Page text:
The David D. and Rosemary H. Coffin Fellowship for Travel in Classical Lands is awarded to secondary level instructors (grades 9–12) for the purpose of attending an educational program or undertaking individual research in classical lands. The 2016 recipient of the award was Tyler Nye, of Avon High School, Avon, CT. He used his award to attend the “City of Rome” postgraduate course offered by the British School at Rome.
When Varro published his Antiquitates, Cicero commented “we were like strangers in our own city (in nostra urbe pereginantes), visitors who had lost their way. It was your books [Varro’s] that, as it were, brought us back home, so that at last we could recognize who we were, and where we were.” Cicero’s statement draws attention to the fact that a retrospective and introspective study by the Romans of their own culture was essential to the formulation of Roman identity. Rome’s history dwells below the visible surface: every Renaissance palazzo is built upon a Medieval structure, which was in turn built upon a Late Antique foundation, having been constructed atop an Imperial edifice whose groundwork dates to the Republican Era and, in some cases, pre-historic remains below that. My studies in the British School at Rome’s “City of Rome” postgraduate course focused on conceptualizing and understanding these traces of past human activity in the Eternal City. To do so we studied the literary and archaeological evidence for an existing site, such as the underground grotto discovered on the Palatine Hill in the late 2000s, sometimes conducting site visits, and discussed various scholarly theories (see here, here and here) about the sites. Sometimes we even discussed our own theories. It was a fellow student on the “City of Rome” course who proposed (W. Ford, Letters to the Editor, The Times, 18 March 2008; paywall) the Palatine grotto was in fact a storm bunker built for Augustus (Suet. Aug. 29, 90), a theory cited and published by Coarelli himself.
The Casa Belleza, also known as the Domus Picta. Photo by Tyler Nye. This mid-1st century BC Roman villa is located 12 meters under an apartment complex on the Aventine Hill. Discovered in the 1950s during renovation work of the apartments above, the villa is normally closed to the public; it was an absolute privilege to have been permitted to visit it. Licensed under CC BY 2.0.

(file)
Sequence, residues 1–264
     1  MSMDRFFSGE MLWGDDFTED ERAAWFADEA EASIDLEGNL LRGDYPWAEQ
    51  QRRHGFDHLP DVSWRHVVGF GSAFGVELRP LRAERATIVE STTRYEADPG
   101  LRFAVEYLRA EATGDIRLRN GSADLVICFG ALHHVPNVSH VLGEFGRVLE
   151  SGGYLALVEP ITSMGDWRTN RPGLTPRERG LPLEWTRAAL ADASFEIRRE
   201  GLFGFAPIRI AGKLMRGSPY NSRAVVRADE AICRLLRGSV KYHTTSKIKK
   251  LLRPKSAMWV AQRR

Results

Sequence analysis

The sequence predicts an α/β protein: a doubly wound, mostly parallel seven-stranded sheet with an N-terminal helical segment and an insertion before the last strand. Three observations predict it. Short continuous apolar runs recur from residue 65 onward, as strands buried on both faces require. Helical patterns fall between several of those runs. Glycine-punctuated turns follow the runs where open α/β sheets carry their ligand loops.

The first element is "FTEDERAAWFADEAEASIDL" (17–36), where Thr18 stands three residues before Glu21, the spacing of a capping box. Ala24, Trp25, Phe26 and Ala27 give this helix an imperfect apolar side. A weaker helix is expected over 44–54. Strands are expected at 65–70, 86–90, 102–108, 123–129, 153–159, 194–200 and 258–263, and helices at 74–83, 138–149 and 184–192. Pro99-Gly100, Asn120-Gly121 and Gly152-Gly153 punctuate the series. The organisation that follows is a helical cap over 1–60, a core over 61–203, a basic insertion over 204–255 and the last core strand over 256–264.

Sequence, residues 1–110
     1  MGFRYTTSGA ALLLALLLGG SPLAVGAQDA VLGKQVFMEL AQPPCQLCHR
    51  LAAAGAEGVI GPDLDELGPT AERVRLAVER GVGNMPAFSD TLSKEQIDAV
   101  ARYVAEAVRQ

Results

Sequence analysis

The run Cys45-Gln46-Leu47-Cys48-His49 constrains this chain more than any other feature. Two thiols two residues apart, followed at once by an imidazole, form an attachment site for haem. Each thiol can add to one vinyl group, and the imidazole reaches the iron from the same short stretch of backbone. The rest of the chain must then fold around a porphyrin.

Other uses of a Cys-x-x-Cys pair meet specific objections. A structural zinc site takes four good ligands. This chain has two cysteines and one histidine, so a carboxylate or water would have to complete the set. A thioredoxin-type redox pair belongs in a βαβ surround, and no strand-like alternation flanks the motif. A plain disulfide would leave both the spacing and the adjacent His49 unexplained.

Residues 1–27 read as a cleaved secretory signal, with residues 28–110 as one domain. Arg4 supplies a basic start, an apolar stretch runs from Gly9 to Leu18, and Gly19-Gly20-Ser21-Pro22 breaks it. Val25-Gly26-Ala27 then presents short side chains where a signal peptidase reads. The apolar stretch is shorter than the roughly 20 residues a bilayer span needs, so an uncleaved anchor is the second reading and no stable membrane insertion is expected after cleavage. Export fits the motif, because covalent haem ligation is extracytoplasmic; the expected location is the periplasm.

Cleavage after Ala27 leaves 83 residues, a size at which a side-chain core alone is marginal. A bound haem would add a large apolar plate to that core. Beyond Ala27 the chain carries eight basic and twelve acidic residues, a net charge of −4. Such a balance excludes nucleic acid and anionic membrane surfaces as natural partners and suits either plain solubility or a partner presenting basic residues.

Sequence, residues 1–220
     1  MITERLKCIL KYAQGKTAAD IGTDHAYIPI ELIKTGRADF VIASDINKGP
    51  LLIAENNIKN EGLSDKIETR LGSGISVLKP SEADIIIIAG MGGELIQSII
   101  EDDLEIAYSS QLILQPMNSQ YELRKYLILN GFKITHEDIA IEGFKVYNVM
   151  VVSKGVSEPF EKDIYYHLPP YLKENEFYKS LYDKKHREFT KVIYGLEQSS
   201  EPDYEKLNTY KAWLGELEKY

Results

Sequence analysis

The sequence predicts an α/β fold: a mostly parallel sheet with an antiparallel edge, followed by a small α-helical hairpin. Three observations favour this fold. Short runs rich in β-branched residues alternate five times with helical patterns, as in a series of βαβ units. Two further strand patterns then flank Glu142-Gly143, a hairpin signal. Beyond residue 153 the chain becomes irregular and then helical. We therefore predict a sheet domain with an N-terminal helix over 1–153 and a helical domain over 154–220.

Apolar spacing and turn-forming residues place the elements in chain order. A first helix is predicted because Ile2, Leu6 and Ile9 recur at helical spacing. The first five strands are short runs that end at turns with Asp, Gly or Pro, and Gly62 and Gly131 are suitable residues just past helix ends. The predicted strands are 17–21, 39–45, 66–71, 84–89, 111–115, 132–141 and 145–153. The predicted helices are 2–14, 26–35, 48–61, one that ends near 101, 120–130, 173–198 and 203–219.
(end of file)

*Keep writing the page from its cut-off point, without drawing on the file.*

Our studies were not restricted only to sites or monuments visible in Rome today, though; relying heavily on the research of past scholars, we also studied sites and monuments no longer extant. Of particular fascination for me has been the Einsiedeln manuscript—an account written by an anonymous monk of the Einsiedeln Abbey in Switzerland who visited Rome around AD 800. The Einseideln manuscript was created as a guide for pilgrims; it describes the monuments which could be seen in Carolingian Rome (many of which no longer stand) and preserves their inscriptions for modern scholars. This manuscript became a significant resource for my final paper, “Titus the Triumphator’s Arch in the Circus Maximus,” in which I examined the evidence for this lost monument of Rome, and conducted a comparative analysis with the Arch of Titus in summa via sacra. The research I conducted for this paper will become an integral part of my curriculum for Stage 29 of the Cambridge Latin Course on Titus’ arch; I especially look forward to reading inscriptions from the Einsiedeln manuscript with my upper level Latin students. I am also eager to share my site photos with students for years to come, pointing out such unique artifacts as a funerary monument embedded in a house near Piazza San Callixto. In the future, I hope to lead study trips to Rome for my students, using my newly acquired expertise to navigate this labyrinthine city with ease. My time at the BSR has taught me that there is no substitute for walking the city as the ancient Romans once did. The full extent to which the BSR summer program has enhanced my teaching remains to be seen.
Funerary monument embedded in a house near Piazza San Callixto. Photo by Tyler Nye. Licensed under CC BY 2.0.
I wish to express my utmost gratitude to the Society for Classical Studies for their generous financial assistance. With their help, my time in Rome has left me not only with a revived passion for the ancient world, but also with a renewed hunger for future sojourns to the imperial capital. Living in such close proximity to the remnants of the massive civilization that once flourished here was a transformative experience. Moreover, the Coffin Fellowship has proved instrumental for the research and development of my master’s thesis on Sextus Pompey.
I also wish to express my most sincere gratitude to Dr. Robert Coates-Stephens, Director of the “City of Rome” course, and to Dr. Edmund Thomas of Durham University, Balsdon Fellow at the BSR. Finally, I would like to thank Dr. Christopher Smith, Director of the BSR, for his generous hospitality and the world class education received under his directorship.
(Header Image: "British School at Rome Library." Photo by Tyler Nye. Licensed under CC BY 2.0.)